TOKYO -- Real estate shares and REITs were hit especially hard in Friday's Japanese equities market rout as traders fretted over a possible postponement of the upcoming Tokyo Olympics that have bolstered property prices in the capital.
The Tokyo Stock Exchange REIT Index closed down 187 points, or 10.5%, at 1,596 in its largest-ever one-day decline, after futures in the real estate investment trust index fell sharply enough to trigger a circuit breaker. Tokyu Fudosan Holdings took nearly 20 minutes from the start of trading to settle on a price, eventually opening down 12% from Thursday's close.
"My phone was ringing off the hook from the morning on" with calls from institutional investors, said Junichi Tazawa, senior analyst at SMBC Nikko Securities. The rush continued with calls from Europe in the evening and from the U.S. that night.
The drop came after U.S. President Donald Trump raised the possibility Thursday of delaying the 2020 Summer Olympics in Tokyo for a year.
The global attention that Olympics host cities enjoy creates a "showcase effect" that typically fuels buying of property-related stocks and REITs. Eiji Kinouchi of Daiwa Securities sees the boost lasting five years from the start of an Olympic year.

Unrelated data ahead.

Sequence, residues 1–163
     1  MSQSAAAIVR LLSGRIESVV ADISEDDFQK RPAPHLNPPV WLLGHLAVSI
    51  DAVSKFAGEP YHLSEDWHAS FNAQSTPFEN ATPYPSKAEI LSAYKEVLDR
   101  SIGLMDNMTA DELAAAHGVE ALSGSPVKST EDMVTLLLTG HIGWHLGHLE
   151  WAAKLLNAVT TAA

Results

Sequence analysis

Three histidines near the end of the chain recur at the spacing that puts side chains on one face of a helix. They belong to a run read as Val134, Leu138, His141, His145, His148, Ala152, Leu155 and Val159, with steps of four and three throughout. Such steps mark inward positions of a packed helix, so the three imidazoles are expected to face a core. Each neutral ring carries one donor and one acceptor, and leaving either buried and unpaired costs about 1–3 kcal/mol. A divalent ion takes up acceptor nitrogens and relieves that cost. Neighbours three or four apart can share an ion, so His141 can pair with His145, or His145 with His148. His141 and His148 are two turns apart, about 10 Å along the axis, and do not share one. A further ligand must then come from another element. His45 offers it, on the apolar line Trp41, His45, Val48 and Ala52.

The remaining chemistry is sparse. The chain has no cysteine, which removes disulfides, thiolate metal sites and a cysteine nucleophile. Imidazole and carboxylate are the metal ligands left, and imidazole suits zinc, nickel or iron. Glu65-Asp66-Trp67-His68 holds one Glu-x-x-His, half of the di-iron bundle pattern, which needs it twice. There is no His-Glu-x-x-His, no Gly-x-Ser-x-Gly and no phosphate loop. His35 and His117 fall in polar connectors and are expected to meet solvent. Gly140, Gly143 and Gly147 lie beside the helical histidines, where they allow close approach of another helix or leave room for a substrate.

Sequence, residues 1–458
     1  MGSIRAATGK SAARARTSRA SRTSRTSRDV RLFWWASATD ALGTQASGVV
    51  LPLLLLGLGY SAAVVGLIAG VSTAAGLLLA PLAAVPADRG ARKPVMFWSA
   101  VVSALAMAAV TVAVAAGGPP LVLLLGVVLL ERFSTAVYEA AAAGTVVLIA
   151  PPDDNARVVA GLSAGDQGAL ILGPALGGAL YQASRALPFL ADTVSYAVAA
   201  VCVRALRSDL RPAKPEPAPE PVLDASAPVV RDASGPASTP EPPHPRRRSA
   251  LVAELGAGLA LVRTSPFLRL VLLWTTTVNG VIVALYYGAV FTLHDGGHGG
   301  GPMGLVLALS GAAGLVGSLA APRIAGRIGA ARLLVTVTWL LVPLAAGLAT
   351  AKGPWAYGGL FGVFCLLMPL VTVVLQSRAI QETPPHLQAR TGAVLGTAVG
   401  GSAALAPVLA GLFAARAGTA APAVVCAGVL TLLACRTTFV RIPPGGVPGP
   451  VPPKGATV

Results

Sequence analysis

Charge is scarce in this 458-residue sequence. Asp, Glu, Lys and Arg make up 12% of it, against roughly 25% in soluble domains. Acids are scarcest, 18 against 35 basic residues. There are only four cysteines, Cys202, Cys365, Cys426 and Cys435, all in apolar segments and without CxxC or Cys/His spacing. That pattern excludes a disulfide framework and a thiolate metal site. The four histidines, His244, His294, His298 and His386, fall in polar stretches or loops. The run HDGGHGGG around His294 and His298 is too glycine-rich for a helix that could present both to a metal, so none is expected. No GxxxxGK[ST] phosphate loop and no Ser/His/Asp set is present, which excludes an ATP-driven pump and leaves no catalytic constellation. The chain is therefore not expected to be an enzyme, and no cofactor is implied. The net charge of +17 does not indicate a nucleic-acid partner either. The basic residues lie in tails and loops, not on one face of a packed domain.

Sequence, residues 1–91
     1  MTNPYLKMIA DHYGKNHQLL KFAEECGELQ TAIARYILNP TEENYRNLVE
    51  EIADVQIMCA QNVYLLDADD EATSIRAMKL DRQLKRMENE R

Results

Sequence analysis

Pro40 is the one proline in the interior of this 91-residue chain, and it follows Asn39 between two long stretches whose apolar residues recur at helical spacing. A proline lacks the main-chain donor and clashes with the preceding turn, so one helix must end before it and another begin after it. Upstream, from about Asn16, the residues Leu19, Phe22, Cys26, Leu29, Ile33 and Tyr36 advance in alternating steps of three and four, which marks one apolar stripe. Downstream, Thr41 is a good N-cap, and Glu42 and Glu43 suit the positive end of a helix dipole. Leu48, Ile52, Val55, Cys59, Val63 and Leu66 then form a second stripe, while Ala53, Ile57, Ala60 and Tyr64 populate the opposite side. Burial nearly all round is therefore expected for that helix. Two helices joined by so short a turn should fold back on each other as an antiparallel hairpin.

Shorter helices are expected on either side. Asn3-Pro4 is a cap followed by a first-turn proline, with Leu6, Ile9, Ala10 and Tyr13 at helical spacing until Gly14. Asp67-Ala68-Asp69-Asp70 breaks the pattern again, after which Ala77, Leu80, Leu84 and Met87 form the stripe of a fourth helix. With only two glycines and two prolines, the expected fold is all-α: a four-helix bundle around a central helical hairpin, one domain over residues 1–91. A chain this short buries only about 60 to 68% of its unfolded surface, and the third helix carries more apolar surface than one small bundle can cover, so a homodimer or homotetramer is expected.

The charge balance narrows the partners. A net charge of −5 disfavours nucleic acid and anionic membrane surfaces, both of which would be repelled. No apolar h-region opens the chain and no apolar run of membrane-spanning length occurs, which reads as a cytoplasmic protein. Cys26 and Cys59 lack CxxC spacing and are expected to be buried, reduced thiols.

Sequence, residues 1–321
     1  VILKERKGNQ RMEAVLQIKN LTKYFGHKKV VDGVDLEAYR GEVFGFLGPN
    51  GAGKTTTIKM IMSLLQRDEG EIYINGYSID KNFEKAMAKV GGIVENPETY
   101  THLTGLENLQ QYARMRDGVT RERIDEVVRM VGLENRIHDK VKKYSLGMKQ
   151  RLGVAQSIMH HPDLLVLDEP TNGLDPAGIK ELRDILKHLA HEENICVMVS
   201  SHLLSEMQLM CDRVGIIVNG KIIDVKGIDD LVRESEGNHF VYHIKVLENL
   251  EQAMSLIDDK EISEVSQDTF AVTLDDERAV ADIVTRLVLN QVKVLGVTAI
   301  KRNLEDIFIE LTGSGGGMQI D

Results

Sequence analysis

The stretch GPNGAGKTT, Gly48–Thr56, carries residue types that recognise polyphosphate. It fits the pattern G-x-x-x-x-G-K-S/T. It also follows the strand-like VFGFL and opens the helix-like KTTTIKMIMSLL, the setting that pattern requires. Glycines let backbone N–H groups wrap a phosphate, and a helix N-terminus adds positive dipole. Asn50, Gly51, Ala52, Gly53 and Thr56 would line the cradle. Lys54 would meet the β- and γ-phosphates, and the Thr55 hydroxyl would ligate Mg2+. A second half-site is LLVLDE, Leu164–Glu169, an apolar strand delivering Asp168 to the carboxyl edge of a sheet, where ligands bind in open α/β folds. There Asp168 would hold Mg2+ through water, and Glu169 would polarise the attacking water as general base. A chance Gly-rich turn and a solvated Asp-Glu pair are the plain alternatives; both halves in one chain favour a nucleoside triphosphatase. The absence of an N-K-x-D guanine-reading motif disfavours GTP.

This corner of the market would lose much of its luster if the games were suspended.
More concretely, 10 major real estate companies plan to redevelop the Olympic Village in Tokyo's Harumi waterfront district into high-rise condominiums to be handed over to buyers as early as 2022. Should the games be postponed, these developers would have to wait longer to recoup their investment, dragging down their financial results.
Norihiro Fujito of Mitsubishi UFJ Morgan Stanley attributes the recent steep drop to loss-cutting by overseas investors. Foreigners were net sellers of Japanese stocks and futures for four straight weeks through last week. While the property sector had been left relatively unscathed, traders have now begun selling those shares to make up for losses elsewhere.
After the sector's dramatic decline, Mitsubishi Estate's price-to-book ratio now stands at 1.1 -- its lowest in 11 years. The company trades at 40% of its net asset value per share, which includes unrealized gains on its property portfolio.
"The coronavirus will have a prolonged impact, and a correction in the real property market looks unavoidable," said Yosuke Ohata of Mizuho Securities.
Etsuro Akiyama of Sumitomo Mitsubishi DS Asset Management bought on the dip in REITs Friday afternoon, arguing that "the bearishness is overdone."
But many investors find it hard to tell whether the prices have overcorrected or whether the property market is due for a further fall. Real estate prices are a lagging indicator, following moves in the broader economy by six months to a year.
"We haven't sold yet today, but I can't be confident that that's the right choice," said a representative at a regional financial institution that invests in REITs and real estate stocks.